Coaching director Scott Johnson set for Ospreys departure
Coaching director Scott Johnson will leave the Ospreys at the end of the season to take up the role of Scotland senior assistant coach.
Johnson confirmed his departure and the Scottish Rugby Union announced that he will be available for the June tour to Australia, Fiji and Samoa.
"I will not be looking to renew [my contract] at the end of the season," said the 49-year-old Australian.
Scotland coach Andy Robinson has been seeking an experienced coach.
Johnson added: "When I joined the region I had a remit to help set-up systems that would enable us to bring through home grown talent, coaches and players, a challenge I've thoroughly enjoyed getting my teeth into over the last three years.
"I feel that now is the right time for me to move on to other challenges but I remain 100% committed to the Ospreys between now and the end of the season."
Johnson's role with Scotland is thought to also include some involvement with Glasgow and Edinburgh.
Ospreys chief operations officer Andrew Hore said: "It is a huge disappointment for us to be losing Scott at the end of the season, but we understand that he feels it is the right time for him to move on to other challenges having served the three years he committed himself to us for originally."
Hore added: "By informing us of his intentions at this early stage, it allows us to use this time to consider our next course of action and the options available to us as we plan for the future."
Managing director Roger Blyth said: "While he has brought silverware to the Liberty Stadium and we hope that will be the case once again this season, the real legacy he will leave is the systems and structures he has helped to develop that will allow us to continue leading the way in Wales."
Johnson joined the Ospreys ahead of the 2009-10 season, leaving the role of USA Eagles national coach to do so.
He first arrived in Wales as a skills coach during 2011 World Cup winning coach Graham Henry's reign and was assistant coach during the Steve Hansen and Mike Ruddock eras.
Wales won their first Grand Slam in 27 years under Ruddock in 2005 and many credited Johnson with playing a key role in that achievement.
Johnson became Wales caretaker coach during the 2006 Six Nations following Ruddock's controversial departure.
In March 2006 Johnson became one of John Connolly's assistant coaches and selectors ahead of the Wallabies' 2007 World Cup campaign.
In 2008 he became USA coach and left the following year to return to Wales with the Ospreys.
During his time at the Liberty Stadium, they reached the 2009-10 Heineken Cup quarter-finals where they were defeated 29-28 by Biarritz.
A year later they bowed out after a tough pool stage featuring Munster, Toulon and London Irish and this term are struggling in the competition having drawn 26-26 in Treviso and lost back-to-back games against Saracens in Pool Five.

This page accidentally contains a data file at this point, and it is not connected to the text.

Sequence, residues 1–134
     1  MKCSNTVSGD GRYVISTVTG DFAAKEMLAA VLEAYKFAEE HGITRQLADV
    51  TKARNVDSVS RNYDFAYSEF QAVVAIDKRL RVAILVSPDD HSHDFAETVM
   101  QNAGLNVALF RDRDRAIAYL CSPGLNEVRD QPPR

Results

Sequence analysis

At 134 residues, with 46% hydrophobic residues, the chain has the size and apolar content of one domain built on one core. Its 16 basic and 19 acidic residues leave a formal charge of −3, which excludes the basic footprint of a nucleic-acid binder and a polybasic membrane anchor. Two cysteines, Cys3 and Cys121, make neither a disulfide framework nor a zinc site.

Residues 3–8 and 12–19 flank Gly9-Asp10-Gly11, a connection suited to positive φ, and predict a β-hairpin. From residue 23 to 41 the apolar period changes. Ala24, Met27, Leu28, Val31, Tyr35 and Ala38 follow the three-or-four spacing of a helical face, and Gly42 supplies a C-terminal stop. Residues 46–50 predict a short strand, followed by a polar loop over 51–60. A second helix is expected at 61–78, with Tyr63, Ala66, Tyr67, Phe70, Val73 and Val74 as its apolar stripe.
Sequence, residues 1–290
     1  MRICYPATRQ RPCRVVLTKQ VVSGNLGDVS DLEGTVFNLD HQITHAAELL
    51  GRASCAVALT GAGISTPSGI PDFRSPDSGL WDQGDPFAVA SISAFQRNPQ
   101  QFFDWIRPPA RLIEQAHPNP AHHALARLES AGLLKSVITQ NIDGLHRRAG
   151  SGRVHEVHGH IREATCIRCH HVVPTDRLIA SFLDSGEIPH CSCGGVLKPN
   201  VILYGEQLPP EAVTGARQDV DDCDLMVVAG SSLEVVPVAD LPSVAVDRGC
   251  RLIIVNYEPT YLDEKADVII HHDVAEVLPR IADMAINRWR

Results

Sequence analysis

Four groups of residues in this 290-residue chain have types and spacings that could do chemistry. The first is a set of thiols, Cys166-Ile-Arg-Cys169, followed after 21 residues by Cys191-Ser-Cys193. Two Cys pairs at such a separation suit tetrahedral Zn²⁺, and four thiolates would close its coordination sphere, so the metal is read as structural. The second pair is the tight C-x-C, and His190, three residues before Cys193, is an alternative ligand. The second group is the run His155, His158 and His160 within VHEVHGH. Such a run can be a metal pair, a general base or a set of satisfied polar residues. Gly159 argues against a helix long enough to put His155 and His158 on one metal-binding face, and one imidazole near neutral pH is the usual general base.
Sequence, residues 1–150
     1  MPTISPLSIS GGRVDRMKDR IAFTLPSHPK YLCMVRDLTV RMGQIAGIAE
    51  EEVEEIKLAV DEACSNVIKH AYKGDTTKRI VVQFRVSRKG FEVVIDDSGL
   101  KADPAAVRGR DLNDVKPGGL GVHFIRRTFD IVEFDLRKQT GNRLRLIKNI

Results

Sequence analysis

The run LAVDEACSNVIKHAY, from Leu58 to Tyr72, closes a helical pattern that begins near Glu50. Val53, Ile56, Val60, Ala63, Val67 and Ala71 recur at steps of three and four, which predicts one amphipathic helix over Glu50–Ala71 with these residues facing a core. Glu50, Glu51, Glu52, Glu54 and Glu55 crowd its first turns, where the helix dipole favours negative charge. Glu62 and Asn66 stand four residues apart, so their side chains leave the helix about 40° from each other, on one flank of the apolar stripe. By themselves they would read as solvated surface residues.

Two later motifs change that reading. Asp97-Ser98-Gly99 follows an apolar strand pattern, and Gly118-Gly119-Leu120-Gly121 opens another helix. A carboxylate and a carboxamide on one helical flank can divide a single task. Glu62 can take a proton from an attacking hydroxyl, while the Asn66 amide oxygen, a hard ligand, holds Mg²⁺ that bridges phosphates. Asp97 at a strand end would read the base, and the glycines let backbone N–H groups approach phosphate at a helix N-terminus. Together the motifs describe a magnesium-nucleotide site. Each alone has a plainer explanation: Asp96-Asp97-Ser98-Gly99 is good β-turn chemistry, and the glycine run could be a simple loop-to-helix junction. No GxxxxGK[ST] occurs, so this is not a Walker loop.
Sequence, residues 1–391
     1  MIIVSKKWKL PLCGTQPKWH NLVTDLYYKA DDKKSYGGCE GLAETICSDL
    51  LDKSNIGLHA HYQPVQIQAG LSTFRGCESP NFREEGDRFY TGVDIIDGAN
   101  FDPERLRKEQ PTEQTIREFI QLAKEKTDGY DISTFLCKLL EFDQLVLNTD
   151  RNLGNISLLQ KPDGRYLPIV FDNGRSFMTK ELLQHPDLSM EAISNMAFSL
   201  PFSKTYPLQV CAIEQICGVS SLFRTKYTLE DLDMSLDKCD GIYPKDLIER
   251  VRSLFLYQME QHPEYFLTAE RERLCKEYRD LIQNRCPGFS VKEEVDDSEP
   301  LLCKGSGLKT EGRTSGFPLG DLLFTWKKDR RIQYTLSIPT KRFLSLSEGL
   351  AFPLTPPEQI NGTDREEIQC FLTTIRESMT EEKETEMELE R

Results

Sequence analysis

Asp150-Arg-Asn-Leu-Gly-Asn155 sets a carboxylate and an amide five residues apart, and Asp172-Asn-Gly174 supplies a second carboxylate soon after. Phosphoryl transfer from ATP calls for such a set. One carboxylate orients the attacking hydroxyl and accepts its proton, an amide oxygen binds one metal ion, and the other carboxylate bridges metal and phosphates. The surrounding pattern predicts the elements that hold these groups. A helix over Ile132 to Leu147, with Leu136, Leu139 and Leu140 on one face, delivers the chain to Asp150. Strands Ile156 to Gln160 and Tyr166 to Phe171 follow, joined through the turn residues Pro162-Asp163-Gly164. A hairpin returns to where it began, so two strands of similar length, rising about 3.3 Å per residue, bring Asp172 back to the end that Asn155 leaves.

In what was the Magners League, the Ospreys' greatest triumph came in Johnson's first Ospreys term, a 17-12 win over Leinster in Dublin in the tournament's inaugural Grand Final.
Ahead of the 2011-12 season they lost high-profile players James Hook, Lee Byrne, Jerry Collins, Marty Holah and Mike Phillips and were without a glut of Test stars playing for Wales, Ireland, Scotland and Samoa at the World Cup.
But after a strong start in what is now the Pro12 League, the Ospreys lie second to Leinster with eight wins from 11 games.
Wasps coach Dai Young and Johnson coached the Barbarians when they beat Wales in June, 2011.
Johnson was Wales' observer of Sir Clive Woodward's British and Irish Lions back-room staff during the ill-fated 2005 tour to New Zealand.
Scotland coach Robinson was a Woodward assistant on that tour and has sought someone of the right calibre to be his right-hand man.
"I am delighted Scott has agreed to join the Scotland coaching team. I have huge respect for him as a coach and a person having coached against him on numerous occasions," Robinson said.
At the 2011 World Cup Scotland failed to reach the quarter-finals for the first time and Robinson is keen to emulate the template that brought the All Blacks success at the tournament.
Graham Henry had Test-hardened coaches in former Wales coach Steve Hansen and ex-All Blacks head coach Wayne Smith as his assistants.
Johnson's solicitor, Duncan Sandlant, of Esportif international, had indicated that Scotland was not his only option, saying: "Scott has a number of options which he is seriously considering."
The Australian had been linked in reports in New Zealand with a role as assistant to new All Blacks head coach Hansen.
But Ian Foster's appointment as one of Hansen's back-room staff made such a move unlikely for Johnson.